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Aaron N. Tubbs

Dragon chaser.

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Fenouil

Fenouil in the Pearl (since closed) was supposed to be one of the classier meals of the trip. The setting was definitely classy; a two-story restaurant with high ceilings, the drapery and wood work was nice. Service was … odd, at best. Attentive, but trying too hard? I don’t know if that makes any sense. Wine (apologies, I quickly lost track of what wines were consumed and didn’t photograph most of them, but we tried most of the decent Pinot Noirs from Oregon over the course of the trip) this time was the Domaine Serene Eventstad Reserve:

It was yummy. At least until I passed a ridiculous bottle in a decanter on the way to the bathroom. I should have stolen it and just walked out. Suffice to say, it was worth a few grand. Damn. Anyway. Appetizers were foie gras (good) and lamb tartare great). I forgot to take pictures.

The duck came with foam and various decorations. It sucked, to be frank:

Bacon-wrapped rabbit was … well, it tasted like bacon. The preparation hid the flavor and texture of the rabbit, ultimately. Not a bad dish, if you like bacon wrapped protein:

Dessert (also not appearing in this feature) was a cheese plate, which was quite good. I want to say I picked a raw sheep semisoft and some funky goat cheese; both were nice selections. Maybe go if you want to eat a few small plates, a cheese course, and dessert; maybe skip the entrees.

Andina

Andina is a “novoperuvian” restaurant. It’s pretty much a tapas joint. I didn’t photograph the vast majority of the dishes, most were decent; few were anything exceptional. Probably the best was the ceviche, which was quite tender and flavorful, if nothing particularly exotic:

Most exotic was the beef heart; it was way overdone, and was pretty much beef heart flavored rubber:

One medium rare piece was quite good, to be fair, but the rest just wasn’t worth it.

Octopus was decent:

The Peruvian cookie was good:

Truffles and coffee were mediocre. If you’re looking for a tapas experience with a Peruvian flare, want to be crammed into a noisy and uncomfortable space, and want to pay for it, it’s not so bad. Sangria was good, I guess. In general, though, not really worth it, though, unless you’re going with a huge group and can do dozens of plates and just have an experience, I think.

Castagna

Castagna was the restaurant I was most looking forward to, and it did not disappoint. Service was great. Setting was quiet, except for the fucking crying baby. Who the fuck brings crying babies to nice restaurants in Portland? Everybody. Pretty much every nice restaurant we had had some couple who had brought along their noisy fucking kids. Just be warned about this, if you’re going to Portland. You can’t have a nice meal. The best restaurants are still full of noisy fucking kids. Sorry. Go for the restaurant (Castagna) rather than the Cafe (Castagna Cafe) if you want the full experience, I think,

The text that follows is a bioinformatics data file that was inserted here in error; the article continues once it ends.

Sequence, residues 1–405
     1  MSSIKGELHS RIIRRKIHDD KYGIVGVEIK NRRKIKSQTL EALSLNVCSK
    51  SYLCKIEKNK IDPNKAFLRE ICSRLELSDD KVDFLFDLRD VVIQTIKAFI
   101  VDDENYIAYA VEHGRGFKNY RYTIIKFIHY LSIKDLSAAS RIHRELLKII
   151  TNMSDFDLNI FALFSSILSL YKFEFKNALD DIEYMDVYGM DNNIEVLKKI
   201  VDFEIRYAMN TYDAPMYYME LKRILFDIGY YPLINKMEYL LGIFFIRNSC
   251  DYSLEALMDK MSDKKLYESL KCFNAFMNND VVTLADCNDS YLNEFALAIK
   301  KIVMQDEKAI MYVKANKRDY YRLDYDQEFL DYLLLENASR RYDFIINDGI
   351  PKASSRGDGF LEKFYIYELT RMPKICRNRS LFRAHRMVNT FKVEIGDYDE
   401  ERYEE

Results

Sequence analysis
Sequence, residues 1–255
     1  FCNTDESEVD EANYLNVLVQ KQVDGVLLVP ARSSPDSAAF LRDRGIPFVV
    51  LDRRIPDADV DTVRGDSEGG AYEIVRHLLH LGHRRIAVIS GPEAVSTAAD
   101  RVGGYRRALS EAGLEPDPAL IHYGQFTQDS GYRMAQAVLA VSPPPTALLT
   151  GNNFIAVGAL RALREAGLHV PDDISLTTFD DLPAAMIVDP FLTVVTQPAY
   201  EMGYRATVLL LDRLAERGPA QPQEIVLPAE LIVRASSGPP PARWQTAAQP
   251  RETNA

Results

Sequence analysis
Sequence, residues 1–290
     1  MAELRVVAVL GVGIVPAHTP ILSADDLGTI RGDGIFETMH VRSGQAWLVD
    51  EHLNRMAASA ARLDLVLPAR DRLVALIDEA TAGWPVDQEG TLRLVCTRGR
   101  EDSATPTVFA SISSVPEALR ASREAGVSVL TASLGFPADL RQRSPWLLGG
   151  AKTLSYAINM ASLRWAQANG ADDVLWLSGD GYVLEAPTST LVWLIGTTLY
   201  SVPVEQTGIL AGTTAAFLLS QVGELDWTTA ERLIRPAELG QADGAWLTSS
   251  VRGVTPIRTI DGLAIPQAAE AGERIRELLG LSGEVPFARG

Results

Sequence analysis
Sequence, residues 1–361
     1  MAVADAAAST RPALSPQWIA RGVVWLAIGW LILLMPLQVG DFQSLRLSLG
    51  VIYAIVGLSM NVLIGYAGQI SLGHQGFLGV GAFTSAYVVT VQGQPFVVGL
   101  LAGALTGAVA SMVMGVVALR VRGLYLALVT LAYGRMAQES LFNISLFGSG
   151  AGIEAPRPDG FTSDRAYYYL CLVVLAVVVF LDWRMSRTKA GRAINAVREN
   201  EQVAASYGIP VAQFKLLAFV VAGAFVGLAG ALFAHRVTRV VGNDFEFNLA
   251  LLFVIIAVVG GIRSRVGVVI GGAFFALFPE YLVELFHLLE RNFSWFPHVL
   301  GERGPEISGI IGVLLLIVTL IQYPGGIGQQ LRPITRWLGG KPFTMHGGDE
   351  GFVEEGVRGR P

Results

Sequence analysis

Anyway, ignoring that, outstanding restaurant. Great service. Wasn’t there the evening they did their tasting menu (damn), but did do two four course meals; here’s the quick snaps I got; the menus change every week, so I don’t promise I’ll get this all right:

This was something like dungeness crab with sunchokes, sea essence, and anise oil:

Black winter truffles, some sort of noodle thing:

Lamb with some stuff; obviously done sous vide, and perfect, with a nice sauce:

Pickles. The best I’ve ever had:

Pine curd and roasted chanterelles, with crisp pork and bouillon.

Venison with some stuff:

Apple with some stuff. The bed of sugar it’s on was smoked, which was interesting:

Pear with riseling sorbet. Maybe. And some stuff:

One of the top five meals I’ve had. Definitely hit Castagna if you’re in Portland. Totally worth it, especially if you’re into molecular gastronomy stuff.

Everett Street Bistro

The Everett Street Bistro is the best breakfast place we went to in Portland; sadly we figured this out with only one breakfast left, or we would have been back. This is the best French toast I’ve ever had:

It was completely awesome. The quiche was about fourteen inches tall, and was overcooked. Sort of rubbery. Good flavor, just too late in the breakfast cycle to have had it fresh out of the oven, so it was re-microwaved I assume. But it looked amazing. I was still left with a very positive impression; I would return. Gladly.

Veritable Quandary

Veritable Quandary is another institution. It was … well, a veritable quandary. Lots of food, tons of random crap all mixed together, all of it done pretty well. Had a reserve Rubicon Cabernet Sauvignon that was off-the-charts awesome, after some lovely cocktails. Let’s see, here’s the food; starting with some figs stuffed with blue cheese, wrapped some stuff and sugar and flash fried:

Rabbit pate wrapped in bacon; unlike rabbit in bacon, this made perfect sense, since the pate was strong in flavor:

Yum, right? Osso bucco with a ton of other crap, over basil risotto:

Duck breast over scalloped potatoes with a mountain of duck confit piled in for good effort:

And a chocolate soufflé:

The food was all fantastic. Not out-of-this-world gastronomic odyssey sort of stuff (like Castagna), but lots of good food inexplicably combined and still working out and prepared well. Stuff you’d cook at home if you were making a little too much food for a nice meal, done better than you could do it. Had a great time; highly recommended as well.